Furman Bisher

I can’t let the week go by without commenting on the death of Furman Bisher.

Bisher, a longtime sports editor and newspaper columnist in Atlanta, was still digging out stories and posting them on his blog as late as earlier this month. He was 93.

A lifetime ago, I was a sports editor. Never on the kind of stage that Bisher commanded (though that was my dream), but then — I didn’t have Bisher’s talent, either.

I saw another reporter put this more succinctly than I will, but here’s the real reason to mourn Bisher: sportswriting is becoming a lost art. In our haste to break news, to slap readers across the face with more and more information and minutiae and call it done, the actual writing part — the part that requires talent and verve and balls — has fallen by the wayside.

Sports is at its best when it conveys the rise (or fall) of the human spirit. Sportswriting is at its best when it chronicles that process, whether that’s at the peewee football level or on the much grander stages of professional sport. Increasing story quotas, shrinking staff and cutbacks in expenses covered have all combined to irreparably weaken the foundation of sportswriting.

Furman Bisher had talent. He had sources. He could captivate as well as inform. His writing was, at best, art. At worst it was still a labor of love. He was, simply put, the best at what he did. He was the idol of my own boyhood idol, Lewis Grizzard. And the sports world is a sadder, dimmer place now that he is gone.

One of my favorite Bisher anecdotes, taken from Grizzard’s masterful If I Ever Get Back to Georgia, I’m Gonna Nail My Feet to the Ground:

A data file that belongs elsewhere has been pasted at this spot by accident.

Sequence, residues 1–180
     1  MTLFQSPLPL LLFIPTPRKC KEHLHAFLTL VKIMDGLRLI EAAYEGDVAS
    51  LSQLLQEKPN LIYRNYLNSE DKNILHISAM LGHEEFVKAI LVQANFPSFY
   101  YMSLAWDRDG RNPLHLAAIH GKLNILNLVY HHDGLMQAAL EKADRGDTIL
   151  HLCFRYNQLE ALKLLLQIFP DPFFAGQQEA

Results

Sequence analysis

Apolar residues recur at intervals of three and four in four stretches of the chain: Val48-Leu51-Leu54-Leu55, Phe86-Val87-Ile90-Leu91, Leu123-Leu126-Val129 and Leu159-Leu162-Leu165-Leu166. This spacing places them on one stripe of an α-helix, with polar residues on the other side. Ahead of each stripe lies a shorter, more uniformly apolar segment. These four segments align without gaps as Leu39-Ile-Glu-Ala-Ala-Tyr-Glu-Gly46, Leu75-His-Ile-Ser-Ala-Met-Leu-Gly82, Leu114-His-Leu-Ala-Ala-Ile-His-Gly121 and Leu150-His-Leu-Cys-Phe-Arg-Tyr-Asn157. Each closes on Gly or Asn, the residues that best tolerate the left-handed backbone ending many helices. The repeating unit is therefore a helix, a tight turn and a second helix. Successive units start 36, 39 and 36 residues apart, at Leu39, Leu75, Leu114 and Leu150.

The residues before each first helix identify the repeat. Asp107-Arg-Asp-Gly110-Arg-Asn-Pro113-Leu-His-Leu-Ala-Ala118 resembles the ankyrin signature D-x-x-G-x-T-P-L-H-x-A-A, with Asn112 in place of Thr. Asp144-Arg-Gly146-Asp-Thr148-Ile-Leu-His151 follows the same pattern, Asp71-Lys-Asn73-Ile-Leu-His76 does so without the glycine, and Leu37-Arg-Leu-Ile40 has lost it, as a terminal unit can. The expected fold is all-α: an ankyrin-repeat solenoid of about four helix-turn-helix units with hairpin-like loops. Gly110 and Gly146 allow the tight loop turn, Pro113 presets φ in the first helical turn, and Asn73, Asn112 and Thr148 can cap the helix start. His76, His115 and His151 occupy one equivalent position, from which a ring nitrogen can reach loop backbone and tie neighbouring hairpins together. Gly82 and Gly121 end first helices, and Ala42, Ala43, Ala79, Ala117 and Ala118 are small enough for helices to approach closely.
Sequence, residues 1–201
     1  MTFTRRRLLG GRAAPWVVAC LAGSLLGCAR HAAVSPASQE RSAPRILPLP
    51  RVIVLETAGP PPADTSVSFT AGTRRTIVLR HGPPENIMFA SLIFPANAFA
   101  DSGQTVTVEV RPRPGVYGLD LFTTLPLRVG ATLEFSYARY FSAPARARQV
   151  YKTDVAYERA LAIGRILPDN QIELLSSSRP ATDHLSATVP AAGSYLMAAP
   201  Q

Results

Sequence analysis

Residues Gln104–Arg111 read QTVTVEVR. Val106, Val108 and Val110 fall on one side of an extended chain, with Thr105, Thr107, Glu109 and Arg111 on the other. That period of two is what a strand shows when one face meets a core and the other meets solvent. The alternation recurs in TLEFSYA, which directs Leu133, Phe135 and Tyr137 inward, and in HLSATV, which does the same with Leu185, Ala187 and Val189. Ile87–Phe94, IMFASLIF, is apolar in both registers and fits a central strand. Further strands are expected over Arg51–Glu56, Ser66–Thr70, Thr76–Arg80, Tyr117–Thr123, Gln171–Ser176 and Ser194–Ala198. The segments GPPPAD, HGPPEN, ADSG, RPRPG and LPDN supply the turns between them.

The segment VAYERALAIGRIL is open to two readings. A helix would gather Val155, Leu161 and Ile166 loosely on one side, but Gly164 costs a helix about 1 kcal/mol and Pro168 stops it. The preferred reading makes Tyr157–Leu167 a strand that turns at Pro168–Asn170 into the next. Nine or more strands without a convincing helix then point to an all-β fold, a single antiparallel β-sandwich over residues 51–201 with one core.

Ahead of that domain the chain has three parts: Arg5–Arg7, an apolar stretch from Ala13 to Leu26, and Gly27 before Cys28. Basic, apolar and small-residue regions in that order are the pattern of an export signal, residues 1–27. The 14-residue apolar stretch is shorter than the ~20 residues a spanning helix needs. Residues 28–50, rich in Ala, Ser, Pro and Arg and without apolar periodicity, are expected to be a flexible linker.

As sports editor at the AJC, Bisher once told an unpopular, incompetent sports writer that he had a new assignment for him: “Find another job,” Bisher said.

I can’t tell you how many times I wish I’d been able to say that to a reporter. Or publisher. Sadly, nowadays the HR department won’t let you.

Bisher was also demanding of his staff and the subjects he covered. There are so many stories of him skipping a postgame press conference, it’s not even funny. Instead, Bisher would march into the locker room to get his answers. No respecter of the star athlete or coach was Furman Bisher.

The players and coaches mattered far less to Bisher than the readers of his newspaper. That’s the way it ought to be.

It’s a damn shame that’s not the way it is anymore.

Rest in peace, Mr. Bisher. You sure as hell earned it.


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